by: Maggie Harling
I’d been riding for four years before I realized what the problem was. Because of MS I have a weak left hand. As I ride, my hand gradually slips up the rein; I can maintain a hold around the rein but I no longer have the finger pressure to maintain a grasp. Then, when I need to adjust the left rein, I no longer have any contact with the horse’s mouth.
This problem was already apparent to me when I saw the solution at another MS stable. There are rein loops. These are leather loops about 10 inches in diameter. These loops clip onto the rein at an optimal point. The rider can then use each loop to maintain a constant rein length without a grasp.
The first time I used these the effect was phenomenal. Suddenly I realized what it was like to be completely in control of the reins. I realized that I had been putting up with a fairly heavy degree of uncertainty when it came to controlling the horse, probably chalking it up to one of the effects of MS!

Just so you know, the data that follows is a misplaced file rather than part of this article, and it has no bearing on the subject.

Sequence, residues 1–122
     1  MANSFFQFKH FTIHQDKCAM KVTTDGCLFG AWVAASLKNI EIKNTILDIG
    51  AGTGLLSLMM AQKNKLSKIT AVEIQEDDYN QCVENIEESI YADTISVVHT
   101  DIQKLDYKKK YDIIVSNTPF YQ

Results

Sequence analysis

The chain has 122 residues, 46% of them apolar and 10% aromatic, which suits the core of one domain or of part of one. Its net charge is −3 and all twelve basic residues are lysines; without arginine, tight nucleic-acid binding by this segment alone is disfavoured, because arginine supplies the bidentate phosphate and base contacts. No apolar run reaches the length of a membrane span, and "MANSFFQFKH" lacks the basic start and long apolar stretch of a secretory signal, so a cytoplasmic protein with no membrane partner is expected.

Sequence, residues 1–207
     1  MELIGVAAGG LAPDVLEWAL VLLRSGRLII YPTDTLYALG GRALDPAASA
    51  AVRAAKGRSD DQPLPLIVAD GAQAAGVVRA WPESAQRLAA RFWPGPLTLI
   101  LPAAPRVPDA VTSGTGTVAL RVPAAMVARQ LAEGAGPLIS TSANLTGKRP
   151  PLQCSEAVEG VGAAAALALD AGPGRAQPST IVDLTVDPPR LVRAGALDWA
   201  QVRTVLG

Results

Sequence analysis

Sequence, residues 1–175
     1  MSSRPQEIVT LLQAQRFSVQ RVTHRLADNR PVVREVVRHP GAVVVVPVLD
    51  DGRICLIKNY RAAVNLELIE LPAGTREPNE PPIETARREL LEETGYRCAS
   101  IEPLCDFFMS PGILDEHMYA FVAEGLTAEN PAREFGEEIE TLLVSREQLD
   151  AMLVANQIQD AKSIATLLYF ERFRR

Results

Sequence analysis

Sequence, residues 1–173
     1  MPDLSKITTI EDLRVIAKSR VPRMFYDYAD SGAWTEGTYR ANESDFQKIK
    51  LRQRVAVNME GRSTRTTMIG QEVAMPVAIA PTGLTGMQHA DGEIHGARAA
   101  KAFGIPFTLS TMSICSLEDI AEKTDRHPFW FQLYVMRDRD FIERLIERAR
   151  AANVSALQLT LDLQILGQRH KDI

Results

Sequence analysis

So, this what I’m thinking: Don’t give up on something you love to do, just come up with another way to do it. I’ve always thought that having MS makes you a very inventive person. MS people often cannot rely on their bodies to do things the “normal” way, so they tend to seek out, and even invent, things that help them get the job done.
You may feel that using a cane, or a walker, or a wheelchair or even rein loops makes you look weak…it doesn’t, it makes you look someone has decided to take control of a problem.